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Junection of the 31 stated in to shorter their
public opinion, by their powerful oratory and their freedom from crime. Their hopes were vain. The execution of the king only rendered the debates of the Convention more violent, and hastened the fate of the minority. After four months, of which almost every day was marked by angry declamation, or brilliant eloquence, but during which the Brissotins, with the exception of Louvet and Barbaroux, appear to have made no one active effort to avert their impending fate, the multitude were called in to shorten the contest. The insurrection of the 31st of May was followed by that of the 1st of June, and on the subsequent day an order was issued for the arrest of the principal members of the obnoxious party.
Louvet speaks of a dinner given by him on the 1st of June, at which he assembled his leading friends and urged upon them the necessity of Aeeing to the south of France and organizing an insurrection of the departments against the capital.* Brissot, with most of his associates, dissented from him, refused to fly, and even went so far as to return to the Convention on the following day. After the decree of arrest, however, Brissot made one effort to save his life, and endeavored to leave the kingdom in the disguise of a merchant of Neufchâtel. He was detected, and apprehended at Moulins on the 16th June. In the mean time a portion of the Girondists had been arrested, a part had fled to the south of France, where after wandering in the manner so touchingly described by Louvet, through their own country, without a resting-place for the soles of their feet, a price set upon their heads and the bloodhounds upon their traces, with but one or two exceptions, they cut short their miserable lives or fell into the hands of their enemies.
Thus,' says Mignet, was overpowered the party of the Gironde, a party illustrious for its great talent and high courage, which did honor to the young republic by its hatred of crime, and its abhorrence of bloodshed and anarchy, its love of order, of justice, and of liberty,—it could only ennoble a certain defeat by a bold struggle and a dauntless death.'
But let us hear the confession of Brissot, when, in prison, and looking forward to the bloody end of a laborious and painful life, he thus passes sentence on his own career. “In most of the external circumstances of my life, the sport of the whirlwind, I have been rather the slave of public prejudice than
* Memoires de Louvet, p. 91.
of his the pret and the his
the apostle of truth.' And this is the statesman, philosopher and politician, with whose name and opinions France at one time rang, who had hoped to be the political regenerator of his country. What could be hoped from a revolution, among the prime movers in which such a man was one of the most able and the most virtuous? How different such a self-condemnation as this, from the feelings with which our early patriots may be supposed to have looked back upon the struggle in which they had fought and conquered! How different the wild struggles, the headlong career, and the inglorious death of Brissot, from the dignified and resolute resistance, the impetuosity regulated in its most vehement efforts, the success, complete but not abused, of the men of 1776 !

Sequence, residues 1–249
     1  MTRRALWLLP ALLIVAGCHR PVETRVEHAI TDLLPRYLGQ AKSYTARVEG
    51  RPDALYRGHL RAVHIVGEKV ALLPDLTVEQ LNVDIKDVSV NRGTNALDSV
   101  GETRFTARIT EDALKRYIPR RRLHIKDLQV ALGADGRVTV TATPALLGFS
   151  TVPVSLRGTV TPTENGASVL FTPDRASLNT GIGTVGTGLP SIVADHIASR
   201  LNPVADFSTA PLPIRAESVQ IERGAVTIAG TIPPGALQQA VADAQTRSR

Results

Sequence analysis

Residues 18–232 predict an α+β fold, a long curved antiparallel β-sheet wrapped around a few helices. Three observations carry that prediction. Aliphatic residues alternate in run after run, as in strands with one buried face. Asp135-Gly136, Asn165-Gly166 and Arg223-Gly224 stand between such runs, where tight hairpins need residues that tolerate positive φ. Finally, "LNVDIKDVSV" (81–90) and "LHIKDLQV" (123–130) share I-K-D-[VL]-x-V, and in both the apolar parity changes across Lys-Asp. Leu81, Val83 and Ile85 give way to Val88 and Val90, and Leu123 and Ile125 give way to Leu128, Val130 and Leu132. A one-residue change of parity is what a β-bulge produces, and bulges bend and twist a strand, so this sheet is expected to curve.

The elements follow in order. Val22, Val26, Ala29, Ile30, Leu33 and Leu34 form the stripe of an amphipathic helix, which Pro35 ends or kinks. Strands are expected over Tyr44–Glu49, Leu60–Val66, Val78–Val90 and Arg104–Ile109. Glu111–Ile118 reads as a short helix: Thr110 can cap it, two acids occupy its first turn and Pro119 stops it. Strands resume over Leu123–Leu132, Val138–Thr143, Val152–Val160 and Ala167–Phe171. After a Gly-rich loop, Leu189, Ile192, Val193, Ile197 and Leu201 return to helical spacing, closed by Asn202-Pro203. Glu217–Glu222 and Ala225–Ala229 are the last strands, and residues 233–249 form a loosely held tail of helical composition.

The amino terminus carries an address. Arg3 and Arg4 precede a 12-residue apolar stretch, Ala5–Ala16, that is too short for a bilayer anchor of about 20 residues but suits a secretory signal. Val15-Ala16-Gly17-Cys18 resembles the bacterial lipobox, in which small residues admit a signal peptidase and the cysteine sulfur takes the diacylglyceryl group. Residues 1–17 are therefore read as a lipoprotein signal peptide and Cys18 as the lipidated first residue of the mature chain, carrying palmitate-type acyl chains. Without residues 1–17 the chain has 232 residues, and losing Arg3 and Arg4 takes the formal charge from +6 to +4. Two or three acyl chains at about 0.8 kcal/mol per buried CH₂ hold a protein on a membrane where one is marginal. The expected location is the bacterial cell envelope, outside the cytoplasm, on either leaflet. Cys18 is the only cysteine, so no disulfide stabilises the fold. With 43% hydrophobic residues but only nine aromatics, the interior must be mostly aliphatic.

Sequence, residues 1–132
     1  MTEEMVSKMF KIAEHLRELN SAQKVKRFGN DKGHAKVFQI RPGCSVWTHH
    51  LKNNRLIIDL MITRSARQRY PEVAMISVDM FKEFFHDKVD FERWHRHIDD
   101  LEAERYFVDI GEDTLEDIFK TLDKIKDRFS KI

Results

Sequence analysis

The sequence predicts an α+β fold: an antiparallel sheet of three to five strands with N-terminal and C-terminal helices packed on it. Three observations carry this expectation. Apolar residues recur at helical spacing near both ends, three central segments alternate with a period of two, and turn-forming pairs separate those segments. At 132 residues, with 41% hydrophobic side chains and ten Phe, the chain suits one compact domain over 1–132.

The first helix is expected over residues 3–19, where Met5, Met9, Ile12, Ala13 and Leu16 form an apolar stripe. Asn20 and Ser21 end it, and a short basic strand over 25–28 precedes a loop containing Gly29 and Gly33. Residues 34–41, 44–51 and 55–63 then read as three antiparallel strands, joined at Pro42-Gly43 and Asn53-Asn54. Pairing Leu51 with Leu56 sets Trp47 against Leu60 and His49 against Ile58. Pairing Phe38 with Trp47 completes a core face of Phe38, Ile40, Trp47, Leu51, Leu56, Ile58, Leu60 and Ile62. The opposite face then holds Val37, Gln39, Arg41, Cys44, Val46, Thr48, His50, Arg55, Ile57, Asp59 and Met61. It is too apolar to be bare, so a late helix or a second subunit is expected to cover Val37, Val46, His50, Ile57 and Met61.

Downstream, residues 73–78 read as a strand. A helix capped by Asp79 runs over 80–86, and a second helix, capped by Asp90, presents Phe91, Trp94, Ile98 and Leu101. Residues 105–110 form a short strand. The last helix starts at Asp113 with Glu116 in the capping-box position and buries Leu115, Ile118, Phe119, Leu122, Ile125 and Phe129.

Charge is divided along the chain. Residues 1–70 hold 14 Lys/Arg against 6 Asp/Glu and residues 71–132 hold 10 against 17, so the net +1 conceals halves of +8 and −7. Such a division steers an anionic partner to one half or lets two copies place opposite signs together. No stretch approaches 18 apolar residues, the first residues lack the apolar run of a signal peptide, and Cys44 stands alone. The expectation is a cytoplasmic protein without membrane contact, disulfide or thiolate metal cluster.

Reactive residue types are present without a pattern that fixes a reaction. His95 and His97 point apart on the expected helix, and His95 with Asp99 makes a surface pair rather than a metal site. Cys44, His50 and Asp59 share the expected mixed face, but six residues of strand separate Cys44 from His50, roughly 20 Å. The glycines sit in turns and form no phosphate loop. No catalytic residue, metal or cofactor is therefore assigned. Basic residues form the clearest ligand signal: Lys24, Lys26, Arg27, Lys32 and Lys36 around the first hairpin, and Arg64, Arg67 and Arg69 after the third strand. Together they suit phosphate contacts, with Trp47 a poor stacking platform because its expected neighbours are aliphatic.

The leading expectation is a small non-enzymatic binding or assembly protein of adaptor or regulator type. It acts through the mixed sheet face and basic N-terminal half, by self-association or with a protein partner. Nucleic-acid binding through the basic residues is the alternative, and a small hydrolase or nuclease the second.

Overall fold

Brissot, with Vergniaud, Gensonné, Fonfrède and the other leading Girondists, were handed over to the revolutionary tribunal, and after a delay, the length of which is not perfectly explained, they met their fate with uncomplaining courage. On the 31st of October the unfortunate men, to the number of twenty-one, were conducted to the place of execution. With the stoicism of the time, they sang on the way the Marseillaise hymn, applying it to their situation.
" Allons, enfans de la patrie !
Le couteau sanglant est levé. Brissot is said to have been dejected, the others maintained an unaltered front to the last. Valazé stabbed himself on hearing his sentence. Lasource said to the judges, I die at a moment when the people has lost its reason; you will perish the instant it shall recover it.'
No atonement was made to the memory of Brissot or his fellow-sufferers, until after the fall of Robespierre, when the Convention settled a pension upon his widow and children.
It is not difficult to catch the prominent characteristics of the individual, of whose life we have detailed the principal incidents. Correct and beloved in his private life, and indefatigable in his industry, Brissot proposed to himself, as the object of his labors, the instruction, the cultivation, the freedom of his fellow-beings. Had he belonged to a somewhat earlier period, bis name would probably have been associated with those most efficacious in bringing about the Revolution, but he,
unfortunately for his happiness and his reputation, was thrown upon a time when philosophers and students were as impotent as their own dusty tomes. Credulous, averse to violent measures, capable of endurance, but incapable of bloody opposition, Brissot was no match for the cruel and unhesitating antagonists with whom he chose to contend. Unwise and ignorant both of his own power and of the character of the people, he urged on a revolution which already required rather the curb than the spur, and atoned for his error by his death. Nor can we say that it was undeserved. Ignorance sometimes demands as severe a penalty as vice, and where the happiness and the safety of millions are concerned, the one is scarcely more excusable than the other. His private virtues, his active benevolence, and his hard fate, must not conceal from us the culpable blindness of his political career.